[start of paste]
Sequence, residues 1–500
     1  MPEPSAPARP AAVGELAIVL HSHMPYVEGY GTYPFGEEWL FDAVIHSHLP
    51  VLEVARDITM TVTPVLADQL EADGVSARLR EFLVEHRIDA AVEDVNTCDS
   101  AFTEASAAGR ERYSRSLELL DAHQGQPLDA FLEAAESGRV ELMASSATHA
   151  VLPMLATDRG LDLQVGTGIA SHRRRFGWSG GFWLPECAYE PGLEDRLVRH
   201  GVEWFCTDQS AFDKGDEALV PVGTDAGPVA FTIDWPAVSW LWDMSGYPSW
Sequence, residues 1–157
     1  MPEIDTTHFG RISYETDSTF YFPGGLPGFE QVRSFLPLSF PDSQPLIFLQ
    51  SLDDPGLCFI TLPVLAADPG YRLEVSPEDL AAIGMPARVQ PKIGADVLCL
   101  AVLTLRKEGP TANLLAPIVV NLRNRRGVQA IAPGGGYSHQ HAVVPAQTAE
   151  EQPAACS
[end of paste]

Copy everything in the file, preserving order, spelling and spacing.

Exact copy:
Sequence, residues 1–500
     1  MPEPSAPARP AAVGELAIVL HSHMPYVEGY GTYPFGEEWL FDAVIHSHLP
    51  VLEVARDITM TVTPVLADQL EADGVSARLR EFLVEHRIDA AVEDVNTCDS
   101  AFTEASAAGR ERYSRSLELL DAHQGQPLDA FLEAAESGRV ELMASSATHA
   151  VLPMLATDRG LDLQVGTGIA SHRRRFGWSG GFWLPECAYE PGLEDRLVRH
   201  GVEWFCTDQS AFDKGDEALV PVGTDAGPVA FTIDWPAVSW LWDMSGYPSW
Sequence, residues 1–157
     1  MPEIDTTHFG RISYETDSTF YFPGGLPGFE QVRSFLPLSF PDSQPLIFLQ
    51  SLDDPGLCFI TLPVLAADPG YRLEVSPEDL AAIGMPARVQ PKIGADVLCL
   101  AVLTLRKEGP TANLLAPIVV NLRNRRGVQA IAPGGGYSHQ HAVVPAQTAE
   151  EQPAACS